When Memorial Stadium was carved out of the natural valley south of the University of Missouri campus in the 1920s, the only real option for football fields was natural grass. Or, in a pinch, sawdust and tree bark, apparently.
Missouri’s first game at Memorial Stadium was Oct. 2, 1926, against Tulane. As can happen in October in Missouri, there were torrential rains, and the field could not be sodded due to the wet conditions. So, as the story goes, MU created a surface of sawdust and tree bark, as one does, to try to keep the muddy mess of a surface playable.
Perhaps “playable” is a stretch, and like my brother and I’s first Madden 99 football game when we didn’t really know the controls, the game was a 0-0 tie. As longtime St. Louis sportswriter Bob Broeg later wrote, Missouri and Tulane “played to a scoreless, mudpie tie.”
But every game after that, for nearly 60 years, the Tigers played home games on God’s green grass. However, the infamous Omniturf era was coming soon, and 1984 would be Missouri’s last season on grass for over a decade.
That farewell to grass did not fare well, and it cost Warren Powers his job. Given his record over seven seasons in Columbia, it was kind of a bizarre move.
The season started with a tough 30-24 loss at Illinois. It broke a four-game Tiger winning streak in the on-and-off series, which was played pretty frequently from 19966 to 1984. Missouri would have to wait till 1991 to try for revenge against the Illini.
Missouri then lost its home opener on Sept. 15, a 35-34 loss to Wisconsin. Close losses were unfortunately a theme this season, but this one was particularly painful. It was sportswriter Pat Forde’s first game he covered for the school paper. He recalls how well things were going, with Missouri up 28-7 after three quarters. But then, as Forde later wrote, “Marlon Adler had his own personal tour of football Hell.”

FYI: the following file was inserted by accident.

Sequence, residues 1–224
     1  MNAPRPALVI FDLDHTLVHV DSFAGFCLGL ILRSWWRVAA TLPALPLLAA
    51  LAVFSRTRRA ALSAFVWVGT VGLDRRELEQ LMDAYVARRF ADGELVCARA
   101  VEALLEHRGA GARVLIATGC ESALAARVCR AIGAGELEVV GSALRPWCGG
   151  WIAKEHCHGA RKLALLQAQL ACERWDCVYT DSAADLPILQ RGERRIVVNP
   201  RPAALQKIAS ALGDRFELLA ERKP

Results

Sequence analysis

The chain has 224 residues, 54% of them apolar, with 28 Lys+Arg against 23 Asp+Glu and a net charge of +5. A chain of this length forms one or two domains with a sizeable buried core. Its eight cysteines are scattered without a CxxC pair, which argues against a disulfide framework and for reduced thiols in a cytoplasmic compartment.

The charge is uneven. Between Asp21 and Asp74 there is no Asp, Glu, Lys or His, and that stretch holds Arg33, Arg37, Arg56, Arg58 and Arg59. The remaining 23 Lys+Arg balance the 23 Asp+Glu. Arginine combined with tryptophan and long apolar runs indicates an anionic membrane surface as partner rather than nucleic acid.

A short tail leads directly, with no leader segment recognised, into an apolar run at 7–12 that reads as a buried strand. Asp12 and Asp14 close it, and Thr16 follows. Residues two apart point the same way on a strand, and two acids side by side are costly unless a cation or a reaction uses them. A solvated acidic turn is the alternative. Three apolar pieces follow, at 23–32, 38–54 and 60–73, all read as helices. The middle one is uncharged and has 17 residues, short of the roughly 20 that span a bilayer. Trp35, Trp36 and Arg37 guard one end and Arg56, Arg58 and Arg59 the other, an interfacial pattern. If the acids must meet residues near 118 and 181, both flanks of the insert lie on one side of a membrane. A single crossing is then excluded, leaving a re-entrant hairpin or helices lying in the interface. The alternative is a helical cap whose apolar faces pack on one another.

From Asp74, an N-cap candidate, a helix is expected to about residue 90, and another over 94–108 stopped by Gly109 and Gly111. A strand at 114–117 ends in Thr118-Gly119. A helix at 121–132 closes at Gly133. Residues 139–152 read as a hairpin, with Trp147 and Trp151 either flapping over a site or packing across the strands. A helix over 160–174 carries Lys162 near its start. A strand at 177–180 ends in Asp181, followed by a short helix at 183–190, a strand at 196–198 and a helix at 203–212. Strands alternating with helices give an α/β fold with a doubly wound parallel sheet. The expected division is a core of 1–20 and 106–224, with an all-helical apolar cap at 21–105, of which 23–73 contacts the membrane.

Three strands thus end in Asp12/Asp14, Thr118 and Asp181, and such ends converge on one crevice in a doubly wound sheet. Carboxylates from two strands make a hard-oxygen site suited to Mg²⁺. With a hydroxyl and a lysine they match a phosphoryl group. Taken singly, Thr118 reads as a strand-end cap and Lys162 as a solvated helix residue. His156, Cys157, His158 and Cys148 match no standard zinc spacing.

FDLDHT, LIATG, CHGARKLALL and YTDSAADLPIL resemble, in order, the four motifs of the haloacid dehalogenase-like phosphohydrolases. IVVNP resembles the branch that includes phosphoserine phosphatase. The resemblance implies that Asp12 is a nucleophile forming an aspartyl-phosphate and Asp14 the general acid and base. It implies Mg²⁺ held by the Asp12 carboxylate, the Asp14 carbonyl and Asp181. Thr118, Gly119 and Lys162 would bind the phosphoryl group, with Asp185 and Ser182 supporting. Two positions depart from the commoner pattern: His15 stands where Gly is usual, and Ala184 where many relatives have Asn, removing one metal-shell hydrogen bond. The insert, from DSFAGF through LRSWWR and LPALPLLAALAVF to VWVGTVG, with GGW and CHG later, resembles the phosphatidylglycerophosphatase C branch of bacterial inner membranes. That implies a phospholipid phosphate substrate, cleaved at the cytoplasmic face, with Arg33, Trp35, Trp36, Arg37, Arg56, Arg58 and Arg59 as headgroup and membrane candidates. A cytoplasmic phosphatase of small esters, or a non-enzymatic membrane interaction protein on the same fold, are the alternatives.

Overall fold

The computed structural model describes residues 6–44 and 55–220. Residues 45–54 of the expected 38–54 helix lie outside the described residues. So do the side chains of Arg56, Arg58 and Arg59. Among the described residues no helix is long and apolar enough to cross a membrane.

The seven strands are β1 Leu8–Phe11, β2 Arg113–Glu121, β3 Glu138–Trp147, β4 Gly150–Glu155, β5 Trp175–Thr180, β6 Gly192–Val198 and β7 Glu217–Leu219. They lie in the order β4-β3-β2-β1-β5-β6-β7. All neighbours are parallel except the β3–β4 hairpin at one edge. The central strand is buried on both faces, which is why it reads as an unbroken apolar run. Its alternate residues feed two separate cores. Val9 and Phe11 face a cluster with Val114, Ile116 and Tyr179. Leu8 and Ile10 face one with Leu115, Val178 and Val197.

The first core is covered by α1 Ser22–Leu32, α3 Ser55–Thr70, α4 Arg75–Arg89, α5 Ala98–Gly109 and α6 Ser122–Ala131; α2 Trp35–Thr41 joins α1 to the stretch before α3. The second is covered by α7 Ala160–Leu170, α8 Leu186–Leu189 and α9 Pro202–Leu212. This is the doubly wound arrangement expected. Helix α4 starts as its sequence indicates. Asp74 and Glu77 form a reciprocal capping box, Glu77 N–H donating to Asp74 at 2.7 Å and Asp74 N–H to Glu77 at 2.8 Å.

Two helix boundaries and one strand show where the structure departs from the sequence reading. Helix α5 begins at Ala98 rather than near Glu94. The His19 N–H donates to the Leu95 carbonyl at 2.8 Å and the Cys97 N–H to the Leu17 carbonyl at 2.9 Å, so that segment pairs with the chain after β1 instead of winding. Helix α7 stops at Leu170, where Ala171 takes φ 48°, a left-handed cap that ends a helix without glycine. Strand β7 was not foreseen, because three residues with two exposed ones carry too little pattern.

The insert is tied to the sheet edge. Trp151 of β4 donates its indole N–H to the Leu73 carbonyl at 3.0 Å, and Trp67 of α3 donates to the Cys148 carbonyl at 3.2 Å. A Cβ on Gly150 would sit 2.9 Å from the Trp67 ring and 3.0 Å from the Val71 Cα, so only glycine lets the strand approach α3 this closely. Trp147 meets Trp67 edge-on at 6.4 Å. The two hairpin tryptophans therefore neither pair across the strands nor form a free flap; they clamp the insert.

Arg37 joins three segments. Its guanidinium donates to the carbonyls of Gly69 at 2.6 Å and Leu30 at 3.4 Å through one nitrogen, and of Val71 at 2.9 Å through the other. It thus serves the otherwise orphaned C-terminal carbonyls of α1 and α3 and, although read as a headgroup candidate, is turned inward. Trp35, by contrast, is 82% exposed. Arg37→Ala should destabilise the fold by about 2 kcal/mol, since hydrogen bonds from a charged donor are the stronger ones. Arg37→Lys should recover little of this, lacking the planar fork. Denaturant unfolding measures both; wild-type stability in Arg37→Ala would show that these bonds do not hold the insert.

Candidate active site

Adler had a punt blocked and recovered for a touchdown. About two minutes later, he had another punt blocked to set up another Badger touchdown. The Badgers eventually tied the game, and then Adler came in at quarterback and threw a pick. Wisconsin missed a field goal, but Adler threw another pick and Wisconsin scored the go-ahead touchdown. With the game having achieved full meltdown status, Powers put Warren Seitz back in at quarterback. Seitz led a touchdown drive.
Powers went for two and the win, like Tom Osborne had done in the national title game Orange Bowl in January of that year. George Shorthose, Missouri’s leading receiver and a Jeff City native, was wide open. Seitz threw a good pass to him… and Shorthose dropped it, and Missouri dropped to 0-2.
Missouri was able to get its first win the next week, 47-30 over Mississippi State in Columbia.
Then came a big home game with No. 19 Notre Dame. The Irish were known for breaking out green uniforms in rare situations for big games, and Mizzou came out in gold jerseys and pants to the roar of the crowd. Missouri had some “misadventures at the goal line,” Forde wrote, with one drive stalling at the 1 and then botched two-point conversion tries. But Notre Dame only led 16-14 late.